Mr. Yates as The Red Rover
Frederick Yates made his theatrical debut in 1817. [1] He began his London career at Covet Gardens and in 1825, he purchased the Adelphi theatre with Daniel Terry. During their joint management of the theatre, numerous plays by Edward Fitzball were…

Miss E. Tree as Ion
Miss Tree's career spanned over 40 years. She was well known for her ability to play comedic and tragic roles equally well and for her fine singing voice. [1] She married one of the best known actors of the time, Mr. Charles Kean, in 1842. [2] Unlike…

Mrs. Lovell as Guderia, wife of Caractacus
Although Mrs. Lovell retired from the stage after her 1830 marriage to playwright George William Lovell, she made an appearance in James Planché's 1837 play Caractacus. During her time on stage she was best known for her parts in tragic plays. Later…

Mr. H. Marston as Mephistopheles
Mr. Henry Marston (also known as Henry Marsh) was best known for his portrayal of Shakespearian leads, especially during his time at Sadler's Wells under Samuel Phelp's management. [1] Mephistopheles is a demon character from the Faust tale of…

Mr. G. Almar as Coral Crown, The Water King
Mr. George Almar was a playwright as well as an actor. He is credited with writing over 30 melodramas and romantic dramas between 1830-1849. [1] The character of Coral Crown, The Water King is from Almar's 1834 melodrama The Cedar Chest, also known…

Mr. Brunton as Ladi
The play from which the character of Ladi is from is unknown, and the identity of Mr. Brunton himself is uncertain. He could possibly be the actor and theatre manager John Brunton. However this Mr. Brunton died in 1822, during the heyday of Juvenile…

Miss M. Woolf as Joe Jessamy
While no details on the life of Miss. Woolf are known it is assumed that the character of Joe Jessamy originates from Thomas Taylor's 1842 farce Claude Duval or The Ladies Highwayman. [1][1] Allardyce Nicoll, XIX Century Drama, 1800-1850, vol.…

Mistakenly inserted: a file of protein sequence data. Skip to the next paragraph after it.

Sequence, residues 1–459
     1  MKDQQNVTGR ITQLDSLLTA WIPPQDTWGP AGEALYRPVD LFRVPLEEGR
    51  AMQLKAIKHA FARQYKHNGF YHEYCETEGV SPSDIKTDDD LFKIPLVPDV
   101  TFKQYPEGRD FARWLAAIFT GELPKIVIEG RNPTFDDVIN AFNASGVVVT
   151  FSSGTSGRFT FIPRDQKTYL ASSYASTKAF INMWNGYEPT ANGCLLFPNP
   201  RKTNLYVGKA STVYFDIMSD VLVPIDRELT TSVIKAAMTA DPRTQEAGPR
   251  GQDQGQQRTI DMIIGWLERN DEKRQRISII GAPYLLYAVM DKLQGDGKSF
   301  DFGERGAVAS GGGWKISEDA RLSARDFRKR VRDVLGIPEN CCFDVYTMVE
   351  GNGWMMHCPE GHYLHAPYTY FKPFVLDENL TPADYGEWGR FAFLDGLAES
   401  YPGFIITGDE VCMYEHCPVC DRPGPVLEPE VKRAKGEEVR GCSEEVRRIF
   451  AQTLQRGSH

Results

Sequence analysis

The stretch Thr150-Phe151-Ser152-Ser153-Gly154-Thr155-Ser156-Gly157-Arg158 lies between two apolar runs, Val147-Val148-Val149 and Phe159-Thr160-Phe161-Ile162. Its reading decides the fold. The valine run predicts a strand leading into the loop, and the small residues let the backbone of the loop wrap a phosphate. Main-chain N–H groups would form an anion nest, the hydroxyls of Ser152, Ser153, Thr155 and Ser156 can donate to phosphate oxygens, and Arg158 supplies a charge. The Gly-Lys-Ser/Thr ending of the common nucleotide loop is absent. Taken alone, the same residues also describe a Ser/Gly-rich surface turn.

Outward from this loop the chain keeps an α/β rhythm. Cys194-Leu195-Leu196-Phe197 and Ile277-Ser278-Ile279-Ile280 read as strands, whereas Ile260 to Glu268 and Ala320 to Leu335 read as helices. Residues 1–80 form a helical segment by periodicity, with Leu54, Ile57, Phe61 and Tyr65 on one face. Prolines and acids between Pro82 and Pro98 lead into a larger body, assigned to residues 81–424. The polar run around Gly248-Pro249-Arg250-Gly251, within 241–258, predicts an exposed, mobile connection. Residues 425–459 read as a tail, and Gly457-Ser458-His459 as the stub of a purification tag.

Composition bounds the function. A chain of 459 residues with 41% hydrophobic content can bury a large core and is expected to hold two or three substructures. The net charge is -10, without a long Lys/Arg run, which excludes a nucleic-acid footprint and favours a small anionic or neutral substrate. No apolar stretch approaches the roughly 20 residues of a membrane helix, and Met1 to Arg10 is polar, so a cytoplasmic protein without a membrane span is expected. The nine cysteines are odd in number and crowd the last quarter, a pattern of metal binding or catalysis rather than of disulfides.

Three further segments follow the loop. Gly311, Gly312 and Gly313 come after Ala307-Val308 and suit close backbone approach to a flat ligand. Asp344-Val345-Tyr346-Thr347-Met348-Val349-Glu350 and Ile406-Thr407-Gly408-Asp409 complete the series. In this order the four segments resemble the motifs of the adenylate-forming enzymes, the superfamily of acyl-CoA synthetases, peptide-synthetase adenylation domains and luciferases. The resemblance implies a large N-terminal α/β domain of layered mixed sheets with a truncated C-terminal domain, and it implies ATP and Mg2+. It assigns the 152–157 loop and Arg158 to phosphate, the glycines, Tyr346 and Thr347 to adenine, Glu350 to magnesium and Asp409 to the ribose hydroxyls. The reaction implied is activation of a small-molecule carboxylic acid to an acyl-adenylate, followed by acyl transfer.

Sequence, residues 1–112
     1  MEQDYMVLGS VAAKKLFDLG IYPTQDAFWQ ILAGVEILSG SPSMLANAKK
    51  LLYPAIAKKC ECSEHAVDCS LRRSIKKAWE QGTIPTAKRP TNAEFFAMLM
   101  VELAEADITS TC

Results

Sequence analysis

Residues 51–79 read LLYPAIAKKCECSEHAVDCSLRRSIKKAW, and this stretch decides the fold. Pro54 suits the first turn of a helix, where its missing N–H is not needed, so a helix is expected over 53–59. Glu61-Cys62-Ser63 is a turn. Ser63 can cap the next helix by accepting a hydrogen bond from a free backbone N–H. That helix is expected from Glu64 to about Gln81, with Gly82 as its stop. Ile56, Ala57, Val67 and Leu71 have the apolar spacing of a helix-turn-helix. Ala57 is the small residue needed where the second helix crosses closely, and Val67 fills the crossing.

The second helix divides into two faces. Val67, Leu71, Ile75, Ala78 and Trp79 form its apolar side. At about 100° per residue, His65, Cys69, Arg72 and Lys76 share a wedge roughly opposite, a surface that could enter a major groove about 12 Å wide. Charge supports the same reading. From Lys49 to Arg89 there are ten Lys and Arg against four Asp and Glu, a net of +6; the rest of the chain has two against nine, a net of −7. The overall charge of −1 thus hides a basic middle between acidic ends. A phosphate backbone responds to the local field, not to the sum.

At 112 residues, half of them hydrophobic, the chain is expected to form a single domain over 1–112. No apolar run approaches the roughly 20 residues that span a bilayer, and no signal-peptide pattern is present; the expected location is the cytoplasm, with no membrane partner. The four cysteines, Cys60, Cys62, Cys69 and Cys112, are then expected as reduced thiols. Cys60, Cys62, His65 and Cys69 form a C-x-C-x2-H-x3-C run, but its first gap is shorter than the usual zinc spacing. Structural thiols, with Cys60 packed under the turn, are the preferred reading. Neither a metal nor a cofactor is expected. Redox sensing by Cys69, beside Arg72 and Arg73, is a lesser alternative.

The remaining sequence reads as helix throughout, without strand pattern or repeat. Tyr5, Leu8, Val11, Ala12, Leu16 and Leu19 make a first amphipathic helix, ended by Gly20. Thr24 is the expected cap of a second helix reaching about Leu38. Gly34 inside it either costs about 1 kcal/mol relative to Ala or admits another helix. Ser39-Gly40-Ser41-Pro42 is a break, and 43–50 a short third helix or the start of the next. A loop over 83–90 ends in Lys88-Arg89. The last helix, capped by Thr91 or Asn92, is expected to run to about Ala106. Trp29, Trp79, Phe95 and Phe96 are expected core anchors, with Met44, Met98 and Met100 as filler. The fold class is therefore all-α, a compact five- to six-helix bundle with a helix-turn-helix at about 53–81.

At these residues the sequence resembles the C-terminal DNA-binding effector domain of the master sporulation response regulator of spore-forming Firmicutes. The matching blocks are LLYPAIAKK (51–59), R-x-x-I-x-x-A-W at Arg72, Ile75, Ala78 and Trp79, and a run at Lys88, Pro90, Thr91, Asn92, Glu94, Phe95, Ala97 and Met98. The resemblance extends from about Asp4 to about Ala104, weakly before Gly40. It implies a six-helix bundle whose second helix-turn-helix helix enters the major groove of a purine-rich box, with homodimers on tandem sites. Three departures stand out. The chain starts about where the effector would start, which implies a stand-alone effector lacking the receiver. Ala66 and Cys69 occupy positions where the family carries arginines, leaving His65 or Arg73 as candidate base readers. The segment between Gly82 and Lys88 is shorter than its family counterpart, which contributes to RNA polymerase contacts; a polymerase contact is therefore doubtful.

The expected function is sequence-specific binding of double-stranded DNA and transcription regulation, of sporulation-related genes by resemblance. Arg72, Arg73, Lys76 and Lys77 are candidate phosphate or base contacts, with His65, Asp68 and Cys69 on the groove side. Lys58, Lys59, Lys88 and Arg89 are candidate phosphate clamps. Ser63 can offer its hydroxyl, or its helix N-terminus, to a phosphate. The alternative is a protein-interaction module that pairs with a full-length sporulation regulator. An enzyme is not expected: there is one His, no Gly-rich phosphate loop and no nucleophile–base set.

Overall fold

Mr. Butler as Caractacus, the British Chieftain
At time of website launch, no biographical information has been found on Mr. Butler. However, the play Caractacas (the title character of which Butler is portraying) is significant within the Robertson Davies collection. The first framed playbill in…

Mr. Haines as Wat Tyler
Mr. John Thomas Haines was primarily a playwright who occasionally acted in his own plays. [1] He has over 40 writing credits to his name between 1823 and 1843. [2] Wat Tyler is the title character of a drama writhen by Robert Southey. Originally…

The antagonist of harlequinades, Pantaloon is a 19th century parallel to the contemporary trope of the overprotective father who tries to keep his daughter and her lover apart. While Pantaloon is described as either the father of or guardian of…

Mr. Huntley as Edward the Black Prince
Mr. Francis Huntley made his acting debut in 1809 and was said to have had a slow start to his career. He was best known for his ability to portray strong emotions such as rage and fear. Unfortunately, Mr. Huntley's career was ended by his love of…

Miss Louis as Delha in Koulikhan
Although no biographic information has been found on Miss. Louis herself, the inscription on the image identifies her as "Delha" in the play "Khoulikan". It is most likely that this specific play is an adaptation of Charles Dibdin the Younger's…

Mr. Mead as Hotspur
Mr. Mead played many roles throughout his life: he was a playwright and manager of the Elephant and Castle Theatre as well as an actor. [1] Of his wide repertoire of characters, Mead's voice is said to have been best suited to playing villains. [2]…

Mr. G. French as Harlequin
As of this website's launch, no biographic information on Mr. G. French. The character of Harlequin is a stock character from the English iteration of the Comedia dell' arte known as Harlequinade. Due to the popularity of the genre and the recycling…

Mr. T.P. Cooke as Goyoneche in the War Woolf of Tlascala
Best known for his portrayals of sailors, Thomas Porter Cooke was one of the most celebrated actors of the era. [1] At the time of his retirement, Cooke had portrayed the character of William in Black Eyed Susan a total of 785 times. [2]…

Mr. G. Clair as Matthioli
As of this website's launch, no biographic information on Mr. G. Clair or the character of Matthioli has been found.